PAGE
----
To answer your question: yes, Hammerdal is the next one I'm drawing (a hard one because of those damned moutains that surrounds the city!!!). After that I'll do Anskaven and perhaps Barrakesh in a near future.
You'll find all of them in the TravelGuide version 2, 3 or more! (or I can send the original scan to you with a kind e-mail... :wink: ).

Darklands cities are not planed but that's an idea that I keep on a corner of my brain. I was a bit disappionted by the map in the Darklands supplement (quite good but... not so "nightmarish"!).

To come back to the point of this thread, I must say I don't agree at all with Xex (nothing personnal Xex! :wink: ). Rules are simply not my cup of tea and, for me, are only the "technical" part of a RpG. That's not enough for me. I find this far too poor.
What I need is some new ideas to feed my imagination, to push my brain in other directions and to stimulate my love to tell stories.

I need to read new NPC, places and organisations descriptions, new adventures hooks or full adventures! I think THIS is RpG.

Colin said that he uses the "enemy within" campaign to built new adventures. Okay, but somebody had to write the Enemy Within first!!!
I can't only recycle the oldies to entertain myself and the players (who are not 10 yrs old boys and girls... usually! :wink: ).

But to make everyone happy, I think that August work on the Darklands is not far from perfect: many descriptions, NPC infos, new artifacts and... some rules and new classes.

But I think adventures books or gazeteer supplements are essential to get out of those damned tunnels just killing trolls and growing in power...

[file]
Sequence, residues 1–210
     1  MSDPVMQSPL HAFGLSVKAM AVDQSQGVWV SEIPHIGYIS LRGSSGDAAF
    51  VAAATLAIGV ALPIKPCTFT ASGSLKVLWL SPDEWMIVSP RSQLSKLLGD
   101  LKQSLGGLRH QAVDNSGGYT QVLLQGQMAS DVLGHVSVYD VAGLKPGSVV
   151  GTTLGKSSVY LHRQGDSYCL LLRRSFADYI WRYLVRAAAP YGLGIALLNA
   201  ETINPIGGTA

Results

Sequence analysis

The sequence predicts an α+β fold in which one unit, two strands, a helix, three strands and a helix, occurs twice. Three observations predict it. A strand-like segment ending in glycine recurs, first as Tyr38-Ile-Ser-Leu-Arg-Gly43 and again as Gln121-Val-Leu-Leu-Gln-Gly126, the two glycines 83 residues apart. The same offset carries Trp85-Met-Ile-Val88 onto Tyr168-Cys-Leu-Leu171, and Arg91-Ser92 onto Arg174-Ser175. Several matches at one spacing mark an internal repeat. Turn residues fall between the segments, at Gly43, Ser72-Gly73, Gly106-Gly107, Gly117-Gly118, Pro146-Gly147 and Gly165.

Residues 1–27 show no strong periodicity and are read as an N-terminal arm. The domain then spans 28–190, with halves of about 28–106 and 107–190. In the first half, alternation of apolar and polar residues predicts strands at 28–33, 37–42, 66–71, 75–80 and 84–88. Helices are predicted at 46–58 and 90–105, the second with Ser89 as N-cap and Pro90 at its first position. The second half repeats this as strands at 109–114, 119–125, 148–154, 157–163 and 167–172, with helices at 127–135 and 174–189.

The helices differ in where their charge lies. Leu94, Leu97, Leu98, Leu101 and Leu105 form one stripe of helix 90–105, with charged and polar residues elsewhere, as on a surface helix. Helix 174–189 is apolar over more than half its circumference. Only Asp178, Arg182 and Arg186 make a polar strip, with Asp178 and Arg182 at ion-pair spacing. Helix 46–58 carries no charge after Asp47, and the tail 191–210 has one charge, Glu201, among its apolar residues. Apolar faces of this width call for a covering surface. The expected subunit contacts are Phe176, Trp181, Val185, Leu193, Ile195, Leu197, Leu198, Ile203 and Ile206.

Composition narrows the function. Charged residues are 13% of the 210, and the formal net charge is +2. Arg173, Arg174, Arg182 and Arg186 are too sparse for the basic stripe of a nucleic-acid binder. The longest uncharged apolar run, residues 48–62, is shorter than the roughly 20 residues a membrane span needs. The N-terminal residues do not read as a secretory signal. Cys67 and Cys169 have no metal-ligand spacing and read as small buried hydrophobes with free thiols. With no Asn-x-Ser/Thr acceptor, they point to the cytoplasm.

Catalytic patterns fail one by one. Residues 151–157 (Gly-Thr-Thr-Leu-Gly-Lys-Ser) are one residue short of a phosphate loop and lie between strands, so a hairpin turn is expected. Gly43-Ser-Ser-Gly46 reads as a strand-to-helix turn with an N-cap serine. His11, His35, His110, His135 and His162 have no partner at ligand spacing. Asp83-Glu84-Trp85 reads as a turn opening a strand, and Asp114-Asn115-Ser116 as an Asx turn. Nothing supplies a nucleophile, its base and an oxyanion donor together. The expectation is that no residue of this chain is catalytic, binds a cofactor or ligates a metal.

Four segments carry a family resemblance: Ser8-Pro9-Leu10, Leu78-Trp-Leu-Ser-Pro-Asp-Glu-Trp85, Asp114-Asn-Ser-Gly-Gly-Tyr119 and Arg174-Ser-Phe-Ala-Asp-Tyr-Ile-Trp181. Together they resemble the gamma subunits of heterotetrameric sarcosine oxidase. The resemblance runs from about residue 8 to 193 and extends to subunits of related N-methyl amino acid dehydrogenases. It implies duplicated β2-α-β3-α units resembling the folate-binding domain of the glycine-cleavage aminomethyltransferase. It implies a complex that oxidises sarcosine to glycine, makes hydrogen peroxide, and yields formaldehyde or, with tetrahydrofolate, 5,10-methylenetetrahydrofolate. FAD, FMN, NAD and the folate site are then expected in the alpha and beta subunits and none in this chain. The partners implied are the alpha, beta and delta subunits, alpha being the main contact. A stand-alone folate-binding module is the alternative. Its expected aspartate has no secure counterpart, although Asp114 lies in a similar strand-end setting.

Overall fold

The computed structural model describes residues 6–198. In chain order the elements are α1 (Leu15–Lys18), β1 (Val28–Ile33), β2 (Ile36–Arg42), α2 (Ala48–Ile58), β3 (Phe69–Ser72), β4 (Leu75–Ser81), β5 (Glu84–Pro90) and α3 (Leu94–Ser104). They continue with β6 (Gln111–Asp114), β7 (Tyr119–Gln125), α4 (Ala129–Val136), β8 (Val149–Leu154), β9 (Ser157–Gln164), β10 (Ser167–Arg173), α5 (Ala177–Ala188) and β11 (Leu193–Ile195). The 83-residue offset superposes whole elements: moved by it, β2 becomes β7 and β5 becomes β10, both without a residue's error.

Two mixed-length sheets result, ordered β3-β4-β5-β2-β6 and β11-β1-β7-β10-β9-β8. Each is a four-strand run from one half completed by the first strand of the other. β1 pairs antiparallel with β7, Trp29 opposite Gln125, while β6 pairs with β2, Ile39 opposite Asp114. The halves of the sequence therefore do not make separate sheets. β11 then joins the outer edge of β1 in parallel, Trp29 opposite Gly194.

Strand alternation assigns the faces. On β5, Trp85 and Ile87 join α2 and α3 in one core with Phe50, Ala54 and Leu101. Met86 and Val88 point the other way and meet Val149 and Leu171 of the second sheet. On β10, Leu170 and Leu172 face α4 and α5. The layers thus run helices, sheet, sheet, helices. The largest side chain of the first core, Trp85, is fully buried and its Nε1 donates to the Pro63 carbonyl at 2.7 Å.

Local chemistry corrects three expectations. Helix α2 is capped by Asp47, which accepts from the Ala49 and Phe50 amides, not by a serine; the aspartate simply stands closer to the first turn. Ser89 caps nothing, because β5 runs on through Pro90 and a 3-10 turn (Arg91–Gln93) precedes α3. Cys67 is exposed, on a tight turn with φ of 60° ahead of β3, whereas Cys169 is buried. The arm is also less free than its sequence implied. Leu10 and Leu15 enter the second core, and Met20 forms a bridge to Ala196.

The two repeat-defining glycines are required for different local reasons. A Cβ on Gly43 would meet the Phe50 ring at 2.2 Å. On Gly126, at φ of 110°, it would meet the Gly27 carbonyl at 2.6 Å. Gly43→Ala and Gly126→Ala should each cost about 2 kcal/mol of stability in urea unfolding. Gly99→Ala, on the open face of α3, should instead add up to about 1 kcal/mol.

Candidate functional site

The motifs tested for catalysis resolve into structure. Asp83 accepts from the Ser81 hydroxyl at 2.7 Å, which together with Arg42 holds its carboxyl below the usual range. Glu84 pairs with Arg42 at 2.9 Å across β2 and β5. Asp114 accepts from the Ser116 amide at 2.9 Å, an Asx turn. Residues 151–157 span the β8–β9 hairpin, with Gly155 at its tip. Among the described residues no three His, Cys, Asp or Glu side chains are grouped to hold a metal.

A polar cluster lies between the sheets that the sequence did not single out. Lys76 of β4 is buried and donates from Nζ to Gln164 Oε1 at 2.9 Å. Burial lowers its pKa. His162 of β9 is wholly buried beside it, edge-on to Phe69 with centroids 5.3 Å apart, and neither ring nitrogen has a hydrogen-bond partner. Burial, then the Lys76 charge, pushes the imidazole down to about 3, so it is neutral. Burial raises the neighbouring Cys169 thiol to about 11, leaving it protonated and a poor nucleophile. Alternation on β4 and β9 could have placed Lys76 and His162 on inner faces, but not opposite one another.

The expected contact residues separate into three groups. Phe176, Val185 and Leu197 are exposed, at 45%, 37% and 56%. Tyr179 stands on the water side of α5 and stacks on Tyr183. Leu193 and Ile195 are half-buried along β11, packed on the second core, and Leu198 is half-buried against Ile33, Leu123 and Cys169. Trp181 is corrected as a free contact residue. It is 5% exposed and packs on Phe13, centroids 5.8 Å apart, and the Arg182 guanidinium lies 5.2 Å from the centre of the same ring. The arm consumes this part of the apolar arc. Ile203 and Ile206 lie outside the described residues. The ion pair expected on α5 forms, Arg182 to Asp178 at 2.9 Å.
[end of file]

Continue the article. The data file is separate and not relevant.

RpG is not just playstation stuff!
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Postby Ghost of Landar » Sun Nov 21, 2004 7:42 pm

add to the discussion here. I know for some of us Lone Wolf fanatics, these RPG books and supplements are the only means of getting "new" Lone Wolf stuff and maybe getting further information on Joe's creation. That's why it was slightly disappointing for part of that creation timeline to be an adaptation of an earlier fan-fic timeline, but a great deal of the material is new and gives insight into the world.

Especially since new Lone Wolf books aren't coming out soon and no solo RPG computer adventure seems headed into development, this is all we have. So any details are appreciated. I'm pretty sure that the amount of details in the Prisoners of Time doesn't greatly restrict a GM in creating the story. Heck, I'd love to see a supplement for the Daziarn.
Xex

Postby Xex » Sun Nov 21, 2004 10:59 pm

Confused Wolf wrote:
Anyone can make up adventures of their own, you do not need sourcebooks for that. It is the rules for classes, adn the srot that need to be published. Everything else can be made up using our own imaginations.
Well, anyone can make up classes and stuff like that of their own, too.

Really? And have them playtested by a plethora of playtesters, and be confident that any place you go to game everyone will be using the same classes? Going by that I suppose there was no need for an official kai class at all; the hundreds of homemade could have done just as well.
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Postby Confused Wolf » Mon Nov 22, 2004 8:23 am

Well, anyone can make up classes and stuff like that of their own, too.

Really? And have them playtested by a plethora of playtesters, and be confident that any place you go to game everyone will be using the same classes? Going by that I suppose there was no need for an official kai class at all; the hundreds of homemade could have done just as well.
You can playtest your self-made classes by yourself, too. Yes, that takes time, but that's exactly the point I made for books not just with new classes but also with setting material.

And if you change your gaming group you probably have to learn a new interpretation if the setting (and maybe some house rules), too, so why not also learn a new interpretation of the classes? Thus I see no reason why we absolutely need "official" classes.

But of course it is nice to have the official classes. My point was not that they are useless or absolutely unnecessary. Rather I argued that they are not (vastly) more essential than setting information. I think we need both - rules stuff and setting stuff - equally.
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Postby mthomason » Mon Nov 22, 2004 1:41 pm